¿Cuál es tu nivel?: Studying Consumer Segmentation in Mexico

Posted by Marcel Rosa-Salas – doctoral student in Sociocultural Anthropology  at NYU

The guidebook marketers use for segmenting Mexican consumers

Mexico City is one of Latin America’s thriving hubs for the marketing industry, home to both small boutique agencies and satellite offices of global holdings. For the past two weeks, I have been in the city doing research on consumer segmentation in its advertising and consumer research industries. Thus far, it has been a rich field site for examining this topic.

Through conducting interviews with advertising executives and consumer researchers, I want to understand how knowledge about Mexican consumers is produced in the professional discourse of these industries. I’m also looking to gain insight into the historical, social and cultural context within which marketing professionals produce this knowledge, and the ways in which they put it into practice in consumer research literature and advertising strategy.

Consumer segmentation is a core principle of marketing. In this practice, marketers divide consumers into sub-segments according to traits, behaviors, interests or identities that they ostensibly have in common. When a brand wants to develop an advertising campaign for something, they work with professionals at advertising agencies known as Planners to develop a detailed profile of the target segment they envision purchasing their good or identifying with their brand. Once the target segment is chosen, Planners use quantitative and qualitative research data produced by consumer research companies to flesh out the profile of this segment and develop a unique advertising strategy for them.

I’m interested in ethnographically studying consumer segmentation practices because it is one of the main arenas where ideas about personhood are produced, discussed, and analyzed at length in corporate settings and for profit. I think that consumer segmentation models can shed light on the social identity categories that are given primacy in a particular society. In our globalized consumer capitalist culture, I think it is crucial to examine the types of knowledge that marketers produce about people, and see if and how these ideas shape what it means to be a human being in contemporary life.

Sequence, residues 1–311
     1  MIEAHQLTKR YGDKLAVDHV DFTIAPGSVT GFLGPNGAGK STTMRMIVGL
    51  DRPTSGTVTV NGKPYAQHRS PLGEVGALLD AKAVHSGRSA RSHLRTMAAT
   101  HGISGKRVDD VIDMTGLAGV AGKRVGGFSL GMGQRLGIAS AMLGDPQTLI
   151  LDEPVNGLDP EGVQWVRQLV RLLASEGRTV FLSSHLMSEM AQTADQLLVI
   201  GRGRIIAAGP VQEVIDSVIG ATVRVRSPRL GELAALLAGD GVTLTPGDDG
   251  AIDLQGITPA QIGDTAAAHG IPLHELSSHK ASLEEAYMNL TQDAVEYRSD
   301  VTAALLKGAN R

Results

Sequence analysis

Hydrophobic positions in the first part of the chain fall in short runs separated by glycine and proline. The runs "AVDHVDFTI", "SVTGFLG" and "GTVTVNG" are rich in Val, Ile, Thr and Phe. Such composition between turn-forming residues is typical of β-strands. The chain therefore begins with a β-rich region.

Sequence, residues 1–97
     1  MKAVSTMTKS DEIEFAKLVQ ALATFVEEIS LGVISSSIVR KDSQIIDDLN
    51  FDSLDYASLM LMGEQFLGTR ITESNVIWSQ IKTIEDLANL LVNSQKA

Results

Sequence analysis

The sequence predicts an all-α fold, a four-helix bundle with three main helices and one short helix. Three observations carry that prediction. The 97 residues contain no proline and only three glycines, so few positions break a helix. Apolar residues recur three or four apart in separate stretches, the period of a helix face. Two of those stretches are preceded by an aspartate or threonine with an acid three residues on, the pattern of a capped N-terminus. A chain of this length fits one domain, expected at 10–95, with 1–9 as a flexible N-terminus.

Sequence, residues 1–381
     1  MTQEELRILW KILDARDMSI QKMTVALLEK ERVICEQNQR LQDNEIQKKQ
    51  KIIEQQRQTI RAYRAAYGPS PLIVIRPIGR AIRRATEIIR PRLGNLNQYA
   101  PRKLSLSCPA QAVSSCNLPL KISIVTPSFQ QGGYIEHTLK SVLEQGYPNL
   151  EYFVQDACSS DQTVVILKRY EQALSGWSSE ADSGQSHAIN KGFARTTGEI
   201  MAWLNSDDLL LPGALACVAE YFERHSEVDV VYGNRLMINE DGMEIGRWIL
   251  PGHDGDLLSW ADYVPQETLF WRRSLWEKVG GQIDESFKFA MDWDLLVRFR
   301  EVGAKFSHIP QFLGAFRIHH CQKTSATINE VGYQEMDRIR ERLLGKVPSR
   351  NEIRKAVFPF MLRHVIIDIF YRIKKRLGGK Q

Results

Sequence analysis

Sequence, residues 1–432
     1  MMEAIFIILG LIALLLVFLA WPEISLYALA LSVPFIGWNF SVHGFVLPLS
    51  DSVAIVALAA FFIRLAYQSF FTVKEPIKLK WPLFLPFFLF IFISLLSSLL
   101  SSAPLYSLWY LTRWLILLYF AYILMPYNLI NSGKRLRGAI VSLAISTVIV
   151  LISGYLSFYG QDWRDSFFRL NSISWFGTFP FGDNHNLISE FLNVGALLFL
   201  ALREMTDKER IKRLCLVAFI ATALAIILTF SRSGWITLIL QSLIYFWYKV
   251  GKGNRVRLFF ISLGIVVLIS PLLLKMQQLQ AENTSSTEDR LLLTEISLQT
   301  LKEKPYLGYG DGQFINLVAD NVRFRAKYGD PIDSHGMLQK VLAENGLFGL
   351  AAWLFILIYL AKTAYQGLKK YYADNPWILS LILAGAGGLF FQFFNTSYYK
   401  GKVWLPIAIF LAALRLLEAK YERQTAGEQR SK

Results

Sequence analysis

My PhD research broadly focuses on how race and ethnicity are used for consumer segmentation in the United States. Otherwise known multicultural marketing, this particular industry practice prioritizes race and ethnicity as the primary social identity category through which consumer behavior is mediated and culture is expressed. I’m particularly interested in looking at the ways in which consumer research about multicultural markets reproduces, manipulates and maintains the boundaries of ethnic and racial categories in the United States.

I’m in Mexico to see how social identity categories are incorporated into the nation’s consumer segmentation paradigm as a point of comparison for my research in the US. When preparing for my trip, I designed my research questions primarily around the use of race and ethnicity, but what I’ve learned thus far from my interviews is that socioeconomic class of the household or los niveles socioeconómicos are the main mode of segmenting Mexican consumers.

With this model, each socioeconomic level has its own corresponding letter (A for the most wealthy and E for the poorest) and specific demographic characteristics relating to financial security, education level, disposable income, sanitary conditions, and even the amount of light fixtures and physical amount of space in the home. Marketers in Mexico postulate that these factors are connected to the rationale and motivations for why and how consumers purchase goods.

As my research develops, I’m interested in further exploring how los niveles socioeconómicos developed, the historical and sociocultural context of their relevance in Mexico specifically,  and the ways in which they are implemented to consumer segmentation, particularly as it relates to notions about people’s attitudes, cultures and behaviors. I’m also interested in exploring further how the racial politics of Mexico shape consumer segmentation, in spite of the fact that they are not explicitly discussed.

More soon!

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